Last edited: Jan 22, 2006
11. Jan 23, 2006

### PerennialII

Yeah, sounds 'still' reasonable. If you're interested in getting to know how the change in "A" is incorporated in continuum mech, you can take a peek what is said about 'finite deformations', or with respect to a uniaxial axisymmetric tensile test, the Bridgman model.
Yeah, although would say 'in principle'. Say for typical metals in the elastic-plastic regime 'classical' models don't deviate significantly from those having 'failure terms' in them (i.e. models able to predict material failure) with strains of some tens of percents (or in a tensile test can use initiation of necking as an approximate point for where classical models get totally lost).

12. Jan 23, 2006

### FredGarvin

I do see what you are saying now. I only have problems with the way you are starting your reasoning and it may be just the way I was taught (i.e. not written in stone). You state:
I was always taught that you start with deformations, i.e. strains and then stress is calculated from those strains. Therefore stress is a function of strain, not the other way around. One does not apply a stress. One applies a force, that causes deformation that results in a stress. I'm probably nit picking here and again, it may be the way I was taught.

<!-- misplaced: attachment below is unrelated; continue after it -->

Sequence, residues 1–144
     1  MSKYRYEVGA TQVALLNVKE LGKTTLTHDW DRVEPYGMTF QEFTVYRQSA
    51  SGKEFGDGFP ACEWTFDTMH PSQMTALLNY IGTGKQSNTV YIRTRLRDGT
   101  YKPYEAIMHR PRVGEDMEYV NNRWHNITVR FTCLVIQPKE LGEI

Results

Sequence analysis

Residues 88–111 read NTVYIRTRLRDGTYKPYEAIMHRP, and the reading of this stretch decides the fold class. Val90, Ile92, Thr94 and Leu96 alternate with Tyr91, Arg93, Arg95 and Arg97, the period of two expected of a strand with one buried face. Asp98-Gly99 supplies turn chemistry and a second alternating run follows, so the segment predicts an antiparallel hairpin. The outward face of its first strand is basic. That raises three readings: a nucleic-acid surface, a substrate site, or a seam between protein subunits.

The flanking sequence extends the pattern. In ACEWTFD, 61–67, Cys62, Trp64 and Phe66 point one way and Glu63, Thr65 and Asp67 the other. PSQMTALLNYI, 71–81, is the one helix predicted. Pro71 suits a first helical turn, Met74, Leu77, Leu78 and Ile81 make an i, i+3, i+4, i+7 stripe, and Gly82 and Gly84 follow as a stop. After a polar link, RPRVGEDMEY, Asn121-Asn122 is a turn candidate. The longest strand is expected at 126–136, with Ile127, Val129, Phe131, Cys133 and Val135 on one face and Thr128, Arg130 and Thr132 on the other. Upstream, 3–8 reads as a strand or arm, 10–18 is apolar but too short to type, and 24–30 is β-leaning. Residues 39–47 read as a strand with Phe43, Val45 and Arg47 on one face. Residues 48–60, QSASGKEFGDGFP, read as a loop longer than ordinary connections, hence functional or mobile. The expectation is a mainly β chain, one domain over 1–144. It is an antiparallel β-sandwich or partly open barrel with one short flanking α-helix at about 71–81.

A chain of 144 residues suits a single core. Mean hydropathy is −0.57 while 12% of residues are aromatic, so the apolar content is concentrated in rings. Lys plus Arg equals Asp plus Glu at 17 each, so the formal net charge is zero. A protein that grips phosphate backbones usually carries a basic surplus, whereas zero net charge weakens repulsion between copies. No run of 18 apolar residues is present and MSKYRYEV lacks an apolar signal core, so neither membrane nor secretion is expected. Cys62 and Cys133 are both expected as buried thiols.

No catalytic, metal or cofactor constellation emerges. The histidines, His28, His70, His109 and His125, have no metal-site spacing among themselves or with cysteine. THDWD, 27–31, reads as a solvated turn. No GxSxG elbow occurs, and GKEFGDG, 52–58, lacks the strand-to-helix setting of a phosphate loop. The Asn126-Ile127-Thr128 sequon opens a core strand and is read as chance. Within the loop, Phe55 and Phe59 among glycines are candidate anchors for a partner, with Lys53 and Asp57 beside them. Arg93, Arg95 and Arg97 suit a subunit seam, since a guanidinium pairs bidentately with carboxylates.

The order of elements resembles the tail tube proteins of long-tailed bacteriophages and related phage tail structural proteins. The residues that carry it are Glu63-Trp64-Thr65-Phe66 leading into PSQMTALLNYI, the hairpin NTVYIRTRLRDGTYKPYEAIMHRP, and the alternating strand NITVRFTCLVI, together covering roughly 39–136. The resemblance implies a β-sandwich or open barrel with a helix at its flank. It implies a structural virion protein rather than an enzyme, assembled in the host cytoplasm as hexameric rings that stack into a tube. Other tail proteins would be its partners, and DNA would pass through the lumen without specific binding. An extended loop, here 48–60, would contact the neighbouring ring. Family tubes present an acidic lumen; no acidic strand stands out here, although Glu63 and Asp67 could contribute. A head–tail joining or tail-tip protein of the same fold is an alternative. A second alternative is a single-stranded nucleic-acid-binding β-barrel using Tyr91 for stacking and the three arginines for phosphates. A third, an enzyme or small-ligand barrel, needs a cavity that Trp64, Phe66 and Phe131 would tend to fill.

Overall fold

This rang a bell for me so I had to dig up my advanced book because I remember a small discussion about Hooke's Law in it.

Looking at the standard 3D cube element (and leaving out the shear terms because I am lazy):

$$\epsilon_x = \frac{1}{E_x}\sigma_x - \frac{\nu_{yx}}{E_y}\sigma_y - \frac{\nu_{zx}}{E_z}\sigma_z + \alpha_x T$$

$$\epsilon_y = -\frac{\nu_{xy}}{E_x}\sigma_x - \frac{1}{E_y}\sigma_y - \frac{\nu_{zy}}{E_z}\sigma_z + \alpha_y T$$

$$\epsilon_z = -\frac{\nu_{xz}}{E_x}\sigma_x - \frac{\nu_{yz}}{E_y}\sigma_y - \frac{1}{E_z}\sigma_z + \alpha_z T$$

The general form of Hooke's law is not the simple P/A. It also reminds us that Hooke's Law is not really a law, but an approximation valid for small strains and certain materials (Ref: Advanced Mechanics of Materials, Cook & Young).

This is exactly what Q was referring to.

13. Jan 23, 2006

### Q_Goest

What we're talking about here is the affect of thinning due to stress/strain and it's affect on strength, right?

If you do the calculations, you'll find there's no "run off (on?) effect". Even if you assume the affect is real, which is highly debatable, the affect is exceedingly small and the error created is generally much less than the error incurred due to tolerances in manufacture of the actual part. For example, a 1" diameter steel rod under a 100,000 psi load will only shrink on the diameter about 0.001" which is generally MUCH less than any tolerance in manufacture, which could be 0.015" or more! In addition, the actual yield strength of the material can vary significantly, so the actual dimension becomes even less important yet.